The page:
Long was to lazy to follow our walk to our last destination in the city of Sacramento. The city’s Tower Bridge. A Sacramento landmark, where you can see off the Interstate 5 freeway and glows beautifully at night. Anyway, Laura and I went to the Tower Bridge Gateway and as we walk here is the history of this bridge.
M Street Bridge (1911)
“The original M Street Bridge was built by the Sacramento Northern Electric Railroad in 1911 and linked the cities of Washington (West Sacramento) and Sacramento. It carried electric rail cars (similar to the present Light-rail) loaded with passengers and freight. This bridge carried rail and auto traffic on the same deck with the railroad on the southern side and autos on the northern side. Autos had to cross the tracks on both sides. In 1926, the approach on the Yolo side was aligned with a new subway 100 feet west of the bridge and an easy grade approach was made by slicing sand filled base from the Sacramento River along with a blanket of clay along the sides to prevent erosion. This approach was paved over with 7″ inch thick concrete making a roadway with three lanes of 10′ each. The center drainage lane was 9” thick.
On December 22, 1933, the State of California, Sacramento County, and the Sacramento Northern Railway held a conference to plan the new bridge, with an agreement reached on March 8, 1934. Under the terms of the agreement, Sacramento Northern Railway relinquished its rights to the 1911 M Street Bridge in return for the rights to rail traffic over the new bridge until March 21, 1960, which was the original expiration date of its franchise to operate rail traffic over the 1911 bridge. Construction commenced on July 20, 1934.”
“From a design standpoint, the bridge is a span-driven vertical lift bridge with a Pratt through truss lift span, which includes counterweights with counter chains. It should be noted however that the towers themselves do not have legs (posts) that angle outward toward the base, which makes this bridge different from many vertical lift bridges. On either end of the lift span is a Pratt through truss approach span, which is rigidly attached to the towers, a practice that was not uncommon among lift spans that include approach spans. There are also a number of built-up stringer approach spans leading up to the truss spans.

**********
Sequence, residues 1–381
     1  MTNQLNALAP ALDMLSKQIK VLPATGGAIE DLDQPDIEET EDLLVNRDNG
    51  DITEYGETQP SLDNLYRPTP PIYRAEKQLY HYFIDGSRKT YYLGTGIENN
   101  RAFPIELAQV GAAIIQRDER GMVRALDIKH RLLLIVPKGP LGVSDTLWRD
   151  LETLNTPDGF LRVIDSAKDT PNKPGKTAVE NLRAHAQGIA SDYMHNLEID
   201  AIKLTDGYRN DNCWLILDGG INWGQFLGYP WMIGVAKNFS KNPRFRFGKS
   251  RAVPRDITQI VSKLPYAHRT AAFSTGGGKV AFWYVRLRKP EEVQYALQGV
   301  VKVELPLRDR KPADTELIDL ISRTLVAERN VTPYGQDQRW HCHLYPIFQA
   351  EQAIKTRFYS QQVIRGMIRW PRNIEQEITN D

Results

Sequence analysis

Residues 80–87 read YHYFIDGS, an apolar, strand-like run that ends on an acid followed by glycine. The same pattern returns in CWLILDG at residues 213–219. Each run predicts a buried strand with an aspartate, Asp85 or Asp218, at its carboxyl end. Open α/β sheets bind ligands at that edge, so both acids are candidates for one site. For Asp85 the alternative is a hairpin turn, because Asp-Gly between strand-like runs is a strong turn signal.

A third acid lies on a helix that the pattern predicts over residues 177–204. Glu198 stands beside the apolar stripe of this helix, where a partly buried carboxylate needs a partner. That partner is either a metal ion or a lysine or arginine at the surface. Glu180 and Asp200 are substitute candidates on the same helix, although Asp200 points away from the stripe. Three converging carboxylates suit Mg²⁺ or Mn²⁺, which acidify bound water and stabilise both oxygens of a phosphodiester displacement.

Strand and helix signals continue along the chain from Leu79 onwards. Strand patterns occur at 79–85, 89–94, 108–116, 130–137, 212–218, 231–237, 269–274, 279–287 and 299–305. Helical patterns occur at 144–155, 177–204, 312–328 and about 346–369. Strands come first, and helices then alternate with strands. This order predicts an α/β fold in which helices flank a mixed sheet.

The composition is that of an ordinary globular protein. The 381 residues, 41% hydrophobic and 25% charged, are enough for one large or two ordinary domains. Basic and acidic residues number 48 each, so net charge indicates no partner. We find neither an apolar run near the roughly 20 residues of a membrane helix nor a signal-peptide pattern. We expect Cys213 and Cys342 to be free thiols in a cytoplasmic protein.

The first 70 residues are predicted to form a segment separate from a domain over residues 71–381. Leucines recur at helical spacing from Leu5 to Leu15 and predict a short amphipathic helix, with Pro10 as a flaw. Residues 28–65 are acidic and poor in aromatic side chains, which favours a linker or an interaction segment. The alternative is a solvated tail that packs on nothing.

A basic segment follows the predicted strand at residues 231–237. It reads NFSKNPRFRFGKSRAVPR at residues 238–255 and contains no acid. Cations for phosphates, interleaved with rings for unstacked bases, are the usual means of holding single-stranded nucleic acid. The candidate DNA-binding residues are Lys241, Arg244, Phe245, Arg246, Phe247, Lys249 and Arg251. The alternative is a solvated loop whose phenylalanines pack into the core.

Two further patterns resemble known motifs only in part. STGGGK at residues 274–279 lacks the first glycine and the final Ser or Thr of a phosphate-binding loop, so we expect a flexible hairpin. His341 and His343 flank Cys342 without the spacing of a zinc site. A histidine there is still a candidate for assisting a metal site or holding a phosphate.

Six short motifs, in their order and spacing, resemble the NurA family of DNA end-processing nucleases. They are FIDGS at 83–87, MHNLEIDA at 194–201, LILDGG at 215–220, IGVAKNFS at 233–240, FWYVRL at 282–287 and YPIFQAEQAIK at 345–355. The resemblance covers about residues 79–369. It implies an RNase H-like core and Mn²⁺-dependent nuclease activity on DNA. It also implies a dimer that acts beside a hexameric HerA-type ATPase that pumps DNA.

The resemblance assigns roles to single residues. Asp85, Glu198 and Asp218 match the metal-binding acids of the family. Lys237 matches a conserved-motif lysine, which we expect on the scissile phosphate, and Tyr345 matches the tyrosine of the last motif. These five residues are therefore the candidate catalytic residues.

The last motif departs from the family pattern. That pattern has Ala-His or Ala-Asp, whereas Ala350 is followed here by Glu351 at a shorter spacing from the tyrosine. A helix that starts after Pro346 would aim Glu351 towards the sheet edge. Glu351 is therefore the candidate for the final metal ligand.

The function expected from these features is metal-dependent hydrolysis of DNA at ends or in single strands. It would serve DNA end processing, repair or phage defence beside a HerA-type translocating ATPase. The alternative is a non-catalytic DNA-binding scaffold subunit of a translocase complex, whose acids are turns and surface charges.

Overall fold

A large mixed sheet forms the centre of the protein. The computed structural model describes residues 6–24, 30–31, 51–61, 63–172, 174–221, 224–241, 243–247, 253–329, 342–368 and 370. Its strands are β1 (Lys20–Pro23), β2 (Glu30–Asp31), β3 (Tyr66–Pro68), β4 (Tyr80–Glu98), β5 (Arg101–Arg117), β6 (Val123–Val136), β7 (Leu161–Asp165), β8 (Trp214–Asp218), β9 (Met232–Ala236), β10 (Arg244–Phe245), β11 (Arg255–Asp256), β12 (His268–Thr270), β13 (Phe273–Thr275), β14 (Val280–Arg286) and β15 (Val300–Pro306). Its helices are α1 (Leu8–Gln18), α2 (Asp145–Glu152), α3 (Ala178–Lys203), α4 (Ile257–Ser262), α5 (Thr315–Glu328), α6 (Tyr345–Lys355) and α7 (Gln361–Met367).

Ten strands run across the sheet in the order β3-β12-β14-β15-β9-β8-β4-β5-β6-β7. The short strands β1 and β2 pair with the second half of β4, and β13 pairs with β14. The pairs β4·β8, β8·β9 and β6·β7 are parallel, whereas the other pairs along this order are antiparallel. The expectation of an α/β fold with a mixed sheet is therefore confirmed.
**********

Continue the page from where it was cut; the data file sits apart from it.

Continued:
However, what makes this bridge unique is that it was designed under the guidance and supervision of an architect, specifically, Alfred Eichler. Eichler came up with the proposed appearance of the bridge which bridge engineers then proceeded to design. The effect of having an architect guiding the design process is strikingly obvious with this bridge’s unique and pleasing appearance, that has a strong Streamline Moderne influence, which is a form of Art Deco.”
We walked across while taking pictures of the bridge, and its steel parts and when we reached the other side and walked some more heading to the pyramid building. This side of Sacramento was mostly empty so we decided to stop and as we gaze at the river and admire this gigantic tower here is the continuity of its history.
“The bridge style represents a rare use of Streamline Moderne architectural styling in a lift bridge, making it an outstanding expression of the social and architectural climate of the period of construction. The lift span towers were sheathed in steel to streamline its appearance. The American Institute of Steel Construction gave the Tower Bridge an honorable mention for its Class B prize bridge award in 1935.
On December 15, 1935, then-governor Frank Merriam dedicated the bridge, and led the inaugural parade across it. 1000 homing pigeons were released to carry the news throughout California. The first train had crossed the bridge on November 7, 1935. The Tower Bridge was the first vertical lift bridge in the California Highway System after it was formally accepted by the state on January 11, 1936.
The railroad tracks were removed in 1963. With the removal of the tracks, the roadway was restriped for four automobile lanes.”
We took some more pictures and I climbed up the rail and Laura snapped some shots. After that, we crossed back to the other side.
“For years, the bridge was painted with a silver aluminum paint under a special work order, but people complained about glare off the bridge. The concrete pylons were initially painted a sky-blue color. In June 1976 as part of Bicentennial projects, it was painted a yellow-ochre color to match the gold-leafed cupola on the nearby State Capitol.
In 2001, as the old paint job could hardly be distinguished, residents who lived within 35 mi (56 km) of the capital voted on a new color scheme. Their choices were all-gold; green, gold and silver; or burgundy, silver, and gold. The winning choice was all gold, and it was repainted in 2002. However, that did not lessen the bridge’s color controversy. Some people complained that the new paint was not as gilded as advertised. Others have suggested that copper would have been a far better color choice, especially in the context of nearby buildings. The new coat is expected to last 30 years.”
That ends the history of the Tower Bridge of Sacramento as Laura and I made our way back to the Old Town and meet up with Long. California has a colorful relationship with bridges such as the Golden Gate of San Francisco, Bixby Creek Bridge of Big Sur, Colorado Bridge in Pasadena and the one in the capital itself.
Here are the links for more information: